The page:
The Indians had long followed the plans of John Hart, who believed that good business was to avoid arbitration at all cost, and sign your future talent to long term deals. Remember, it was Hart that signed several players to multi-year contracts starting in 1992 that led to the Indians near-decade of dominance. Sure, we all talk about the deals given to Albert Belle, Kenny Lofton, Jim Thome, Carlos Baerga and Paul Sorrento, but rare do we talk of the deals that season to Jack Armstrong, Scott Scudder, Mark Whiten, Glenallen Hill and Dave Otto. It's a hit or miss process, and in all honesty, Carmona's deal had more prior support with regards to statistics than nearly all of those guys mentioned when they signed. Remember, he finished fourth in the Cy Young voting in 2007, and certainly would have garnered more votes had Sabathia played for another team.

The Indians followed the Hart philosophy with Victor Martinez and Jhonny Peralta and CC Sabathia (before he left) and Grady Sizemore. It's a sound investment. Does it always pay off? No, but I also believe that Carmona still has the ability and stuff to become an ace again, and there was no reason to believe any different prior to the start of 2008.

Now Carmona has most definitely found himself at a crossroads. After the 2007 season, many in and out of the organization saw Carmona as the ace-in-waiting. Whenever CC Sabathia would find his way to the Yankees in a mega-deal, Carmona was the heir-apparent. As a matter of fact, there was a small faction that believed Carmona was the better pitcher in 2007, with the better stuff.

Fast-forward two years, and if you are to believe the stories that are floating around, Mark Shapiro has been exploring the possibility of trading Carmona to free up money. The problem with that theory is that Cleveland NEEDS Fausto Carmona. Why? Without him, the Indians have a nearly zero chance to do anything but lose this season.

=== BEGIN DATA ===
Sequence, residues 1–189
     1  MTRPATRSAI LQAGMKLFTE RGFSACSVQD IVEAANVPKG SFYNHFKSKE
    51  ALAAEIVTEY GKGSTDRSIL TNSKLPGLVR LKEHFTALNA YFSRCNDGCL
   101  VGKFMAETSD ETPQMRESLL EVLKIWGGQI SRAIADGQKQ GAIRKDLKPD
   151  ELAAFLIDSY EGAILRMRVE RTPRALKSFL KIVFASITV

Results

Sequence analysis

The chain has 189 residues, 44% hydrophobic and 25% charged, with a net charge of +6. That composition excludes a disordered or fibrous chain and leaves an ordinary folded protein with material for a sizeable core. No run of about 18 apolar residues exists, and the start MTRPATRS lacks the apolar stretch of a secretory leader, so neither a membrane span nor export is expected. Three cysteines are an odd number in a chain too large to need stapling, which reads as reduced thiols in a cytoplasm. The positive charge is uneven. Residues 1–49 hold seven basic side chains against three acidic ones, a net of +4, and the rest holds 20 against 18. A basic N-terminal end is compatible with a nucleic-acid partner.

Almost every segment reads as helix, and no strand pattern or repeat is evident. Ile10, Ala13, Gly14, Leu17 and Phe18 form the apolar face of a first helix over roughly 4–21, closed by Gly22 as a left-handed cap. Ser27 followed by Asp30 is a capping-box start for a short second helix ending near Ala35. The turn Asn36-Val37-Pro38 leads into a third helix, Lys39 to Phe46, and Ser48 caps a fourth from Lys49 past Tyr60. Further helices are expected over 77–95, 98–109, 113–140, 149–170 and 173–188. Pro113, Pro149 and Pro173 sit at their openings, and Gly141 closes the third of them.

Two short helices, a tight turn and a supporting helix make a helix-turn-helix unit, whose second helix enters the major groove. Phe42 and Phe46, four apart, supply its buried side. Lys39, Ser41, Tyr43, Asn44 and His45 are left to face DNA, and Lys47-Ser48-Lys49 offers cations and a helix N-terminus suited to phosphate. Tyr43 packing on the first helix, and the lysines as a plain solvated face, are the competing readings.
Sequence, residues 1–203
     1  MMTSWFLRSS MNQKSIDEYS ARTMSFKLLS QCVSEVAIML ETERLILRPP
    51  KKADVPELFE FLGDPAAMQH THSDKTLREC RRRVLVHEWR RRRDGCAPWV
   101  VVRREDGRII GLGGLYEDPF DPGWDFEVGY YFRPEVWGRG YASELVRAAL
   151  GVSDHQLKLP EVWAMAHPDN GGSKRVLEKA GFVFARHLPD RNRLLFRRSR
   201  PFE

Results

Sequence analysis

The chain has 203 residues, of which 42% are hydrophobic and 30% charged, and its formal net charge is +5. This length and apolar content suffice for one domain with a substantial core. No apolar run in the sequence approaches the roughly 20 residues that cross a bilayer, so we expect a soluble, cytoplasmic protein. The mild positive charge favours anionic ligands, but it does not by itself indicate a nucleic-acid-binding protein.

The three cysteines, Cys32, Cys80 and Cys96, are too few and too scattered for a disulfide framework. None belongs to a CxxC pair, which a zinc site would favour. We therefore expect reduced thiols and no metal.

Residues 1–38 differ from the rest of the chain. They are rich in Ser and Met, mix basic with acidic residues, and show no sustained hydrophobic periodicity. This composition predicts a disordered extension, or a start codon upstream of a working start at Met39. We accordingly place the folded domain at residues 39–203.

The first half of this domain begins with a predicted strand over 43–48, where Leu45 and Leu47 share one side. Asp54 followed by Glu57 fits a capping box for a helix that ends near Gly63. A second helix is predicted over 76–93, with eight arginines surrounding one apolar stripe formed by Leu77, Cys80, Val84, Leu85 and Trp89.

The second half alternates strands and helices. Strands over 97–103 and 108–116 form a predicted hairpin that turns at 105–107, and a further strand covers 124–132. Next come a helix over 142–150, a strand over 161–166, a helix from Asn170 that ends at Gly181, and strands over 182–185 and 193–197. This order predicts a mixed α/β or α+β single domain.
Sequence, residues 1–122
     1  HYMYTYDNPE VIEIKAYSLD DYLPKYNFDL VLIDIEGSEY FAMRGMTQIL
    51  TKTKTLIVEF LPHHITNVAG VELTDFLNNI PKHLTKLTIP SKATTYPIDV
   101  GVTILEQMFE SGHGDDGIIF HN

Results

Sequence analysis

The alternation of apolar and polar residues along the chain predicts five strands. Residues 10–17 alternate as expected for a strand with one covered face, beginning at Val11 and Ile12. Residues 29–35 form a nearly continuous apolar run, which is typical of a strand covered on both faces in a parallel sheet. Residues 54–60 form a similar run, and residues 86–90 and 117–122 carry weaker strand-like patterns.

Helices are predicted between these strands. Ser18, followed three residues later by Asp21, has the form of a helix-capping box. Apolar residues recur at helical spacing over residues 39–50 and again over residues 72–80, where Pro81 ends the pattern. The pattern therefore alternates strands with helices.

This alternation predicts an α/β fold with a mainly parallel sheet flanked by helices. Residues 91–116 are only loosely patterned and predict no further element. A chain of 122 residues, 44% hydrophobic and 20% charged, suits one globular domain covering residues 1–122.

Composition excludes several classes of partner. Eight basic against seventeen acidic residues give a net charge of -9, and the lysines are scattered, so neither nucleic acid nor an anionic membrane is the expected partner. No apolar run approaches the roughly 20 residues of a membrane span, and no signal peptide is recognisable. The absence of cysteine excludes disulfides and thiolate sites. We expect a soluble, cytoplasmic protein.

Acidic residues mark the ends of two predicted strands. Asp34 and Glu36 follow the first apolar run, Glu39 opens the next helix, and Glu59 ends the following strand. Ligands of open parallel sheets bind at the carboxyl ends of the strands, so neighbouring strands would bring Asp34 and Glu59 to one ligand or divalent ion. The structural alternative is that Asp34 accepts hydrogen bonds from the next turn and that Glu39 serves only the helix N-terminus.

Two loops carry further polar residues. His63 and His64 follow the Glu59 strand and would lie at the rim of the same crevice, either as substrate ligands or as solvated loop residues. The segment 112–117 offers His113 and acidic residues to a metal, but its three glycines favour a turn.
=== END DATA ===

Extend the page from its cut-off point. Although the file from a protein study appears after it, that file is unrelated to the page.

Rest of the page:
Sure, Jake Westbrook could rebound after two seasons of nothing to win the Indians 15 games. Sure, Aaron Laffey could finally put it all together and stay healthy. Sure, Justin Masterson could continue to develop into something more than a glorified relief pitcher. Sure, Jeremy Sowers could revisit the 2006 season, that saw him put up Fausto Carmona numbers. Sure, David Huff could win 11 games with something lower than a near-6.00 ERA. Sure, Carlos Carrasco could develop into something more than a quad A starter. Sure, maybe even Hector Rondon makes the bigs and makes some waves, since he's the one guy with the stuff to do it. The problem is that there are just so many question-marks, even IF Carmona steps up this season. If the Indians can manage to get half of their starting rotation to achieve at the highest level, and if Carmona can manage to regain some of that 2007 magic, than this season could be more interesting than originally thought.

This past offseason, Carmona pitched for Aguilas in the Dominican League. Mark Shapiro didn't want him to, worried that his former ace-in-waiting was setting himself up for arm trouble later in the season. Carmona talked his GM into letting him go, as both worked up a plan to work out the kinks in his mechanics. There was also some thought that if he could find success, he could walk into spring training in Goodyear, AZ riding a bit of a high, instead of a two year slide.

Carmona did just that, going 1-1 with a 2.70 ERA. He gave up five total runs, four earned, and 10 hits. The key to his success in the DR league is that he didn't walk a single batter, while striking out five in 13 1/3. Manny Acta was pleased with what he saw as well.